The Committee of the Whole will meet on May 16 for members to pull out their red pens to mark up the mayor’s $1.4 billion proposed budget for fiscal year 2025.

This is the last meeting scheduled before the final budget will be presented at the May 20 regular meeting.

The public is welcome to watch but there will be no comments taken at this meeting. There have been two prior meetings where public comment was taken on the proposed budget.

At the meeting, all nine council members will act as a committee to consider and change the mayor’s proposed budget.


When: 5 p.m. May 16

Where: Vincent E. Griego Chambers at Albuquerque City Hall, located at 1 Civic Plaza

Virtual: Click here for the link to the agenda and to watch the meeting.

As Gallup hospital tries to mend financial wounds, it faces a $68 million judgment - Patrick Lohmann, Source New Mexico

State lawmakers seeking to help rural hospitals stay afloat heard a cautionary tale Wednesday of a Gallup hospital that is millions of dollars in debt, unable to pay its employees, and staring down a massive malpractice judgment.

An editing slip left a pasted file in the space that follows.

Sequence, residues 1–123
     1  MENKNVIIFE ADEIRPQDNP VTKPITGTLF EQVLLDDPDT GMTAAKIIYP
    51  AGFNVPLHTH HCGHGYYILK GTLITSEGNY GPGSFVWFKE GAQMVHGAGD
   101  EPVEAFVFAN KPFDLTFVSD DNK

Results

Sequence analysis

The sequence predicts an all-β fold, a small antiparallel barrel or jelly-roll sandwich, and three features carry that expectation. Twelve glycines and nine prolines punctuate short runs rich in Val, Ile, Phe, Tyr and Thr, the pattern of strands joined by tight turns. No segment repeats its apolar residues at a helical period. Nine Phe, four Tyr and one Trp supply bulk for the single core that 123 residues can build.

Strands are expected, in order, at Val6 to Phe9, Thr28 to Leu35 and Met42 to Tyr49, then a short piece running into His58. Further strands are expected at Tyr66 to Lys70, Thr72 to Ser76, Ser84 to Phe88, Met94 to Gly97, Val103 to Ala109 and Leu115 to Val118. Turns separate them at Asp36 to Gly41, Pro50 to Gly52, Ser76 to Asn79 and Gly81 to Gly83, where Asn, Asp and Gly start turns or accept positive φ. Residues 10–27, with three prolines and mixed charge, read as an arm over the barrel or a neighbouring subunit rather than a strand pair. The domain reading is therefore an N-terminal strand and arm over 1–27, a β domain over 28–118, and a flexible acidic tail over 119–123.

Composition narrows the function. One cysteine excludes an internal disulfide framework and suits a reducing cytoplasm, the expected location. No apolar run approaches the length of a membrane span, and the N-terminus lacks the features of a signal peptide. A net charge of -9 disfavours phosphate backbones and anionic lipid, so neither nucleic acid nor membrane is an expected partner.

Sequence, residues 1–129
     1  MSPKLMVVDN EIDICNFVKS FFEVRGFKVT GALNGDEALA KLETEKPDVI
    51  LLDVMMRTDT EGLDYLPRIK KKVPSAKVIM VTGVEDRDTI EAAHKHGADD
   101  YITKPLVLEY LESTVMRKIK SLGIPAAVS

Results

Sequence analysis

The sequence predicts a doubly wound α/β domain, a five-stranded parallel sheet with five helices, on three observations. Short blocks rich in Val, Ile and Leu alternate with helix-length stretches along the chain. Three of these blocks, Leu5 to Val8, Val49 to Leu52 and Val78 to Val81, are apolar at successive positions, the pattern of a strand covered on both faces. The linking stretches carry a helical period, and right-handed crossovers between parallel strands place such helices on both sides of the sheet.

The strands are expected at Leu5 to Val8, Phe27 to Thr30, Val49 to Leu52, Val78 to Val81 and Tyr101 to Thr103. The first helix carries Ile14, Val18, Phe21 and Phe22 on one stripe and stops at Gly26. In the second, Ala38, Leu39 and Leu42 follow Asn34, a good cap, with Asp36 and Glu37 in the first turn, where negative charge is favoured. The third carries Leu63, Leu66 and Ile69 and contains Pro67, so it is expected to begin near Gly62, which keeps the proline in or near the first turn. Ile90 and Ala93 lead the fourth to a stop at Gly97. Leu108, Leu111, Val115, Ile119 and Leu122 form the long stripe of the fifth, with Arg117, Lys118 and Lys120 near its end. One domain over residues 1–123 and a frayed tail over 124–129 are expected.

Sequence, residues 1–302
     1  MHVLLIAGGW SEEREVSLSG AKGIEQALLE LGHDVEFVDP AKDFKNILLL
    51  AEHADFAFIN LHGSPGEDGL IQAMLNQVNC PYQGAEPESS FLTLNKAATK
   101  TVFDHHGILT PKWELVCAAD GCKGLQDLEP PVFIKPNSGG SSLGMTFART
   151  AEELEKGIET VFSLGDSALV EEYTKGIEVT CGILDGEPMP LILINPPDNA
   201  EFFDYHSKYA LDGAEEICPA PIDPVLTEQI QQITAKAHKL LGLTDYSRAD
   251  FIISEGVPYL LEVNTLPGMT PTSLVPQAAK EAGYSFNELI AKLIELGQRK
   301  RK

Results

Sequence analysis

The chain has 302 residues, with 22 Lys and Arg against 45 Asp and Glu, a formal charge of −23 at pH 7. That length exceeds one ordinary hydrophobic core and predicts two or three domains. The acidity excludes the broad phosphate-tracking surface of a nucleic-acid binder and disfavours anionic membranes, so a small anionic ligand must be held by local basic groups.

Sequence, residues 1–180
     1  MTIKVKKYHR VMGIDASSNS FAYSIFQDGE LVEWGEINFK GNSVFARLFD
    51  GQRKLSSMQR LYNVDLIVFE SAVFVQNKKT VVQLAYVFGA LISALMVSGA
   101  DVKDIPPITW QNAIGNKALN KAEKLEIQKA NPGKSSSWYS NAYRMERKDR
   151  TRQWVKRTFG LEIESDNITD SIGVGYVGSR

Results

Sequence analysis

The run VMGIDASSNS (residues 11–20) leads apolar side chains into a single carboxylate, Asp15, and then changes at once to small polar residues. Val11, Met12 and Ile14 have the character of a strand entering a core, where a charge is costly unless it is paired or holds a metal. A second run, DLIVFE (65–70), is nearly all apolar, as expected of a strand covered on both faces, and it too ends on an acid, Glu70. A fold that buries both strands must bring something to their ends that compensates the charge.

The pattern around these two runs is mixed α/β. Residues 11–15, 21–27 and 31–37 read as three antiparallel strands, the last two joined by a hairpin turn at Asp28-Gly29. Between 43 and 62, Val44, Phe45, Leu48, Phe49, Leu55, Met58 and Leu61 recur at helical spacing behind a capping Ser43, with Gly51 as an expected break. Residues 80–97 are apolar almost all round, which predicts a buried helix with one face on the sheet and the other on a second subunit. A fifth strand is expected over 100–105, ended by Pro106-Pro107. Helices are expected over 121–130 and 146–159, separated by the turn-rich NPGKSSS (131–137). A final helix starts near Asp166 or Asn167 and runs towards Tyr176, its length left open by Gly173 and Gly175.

Bill Patten, interim CEO of Rehoboth-McKinley Christian Hospital, told members of the Legislative Finance Committee that he believes the hospital is finally heading toward solvency after years of scandal and financial shortfalls. Doing so required cash infusions from city and county governments to make payroll, plus a special earmark in the state budget passed this year.

But one wildcard is whether the hospital will be on the hook for a 2019 medical malpractice lawsuit, he said, given that the hospital’s insurance only covers about half of the $68 million judgment a jury awarded earlier this year.

“One of the things that I can’t talk very much about, but I don’t want to leave the elephant in the room, is the big lawsuit,” Patten told lawmakers. “We’re working closely with our attorney to try and get this resolved within the limits of our insurance.”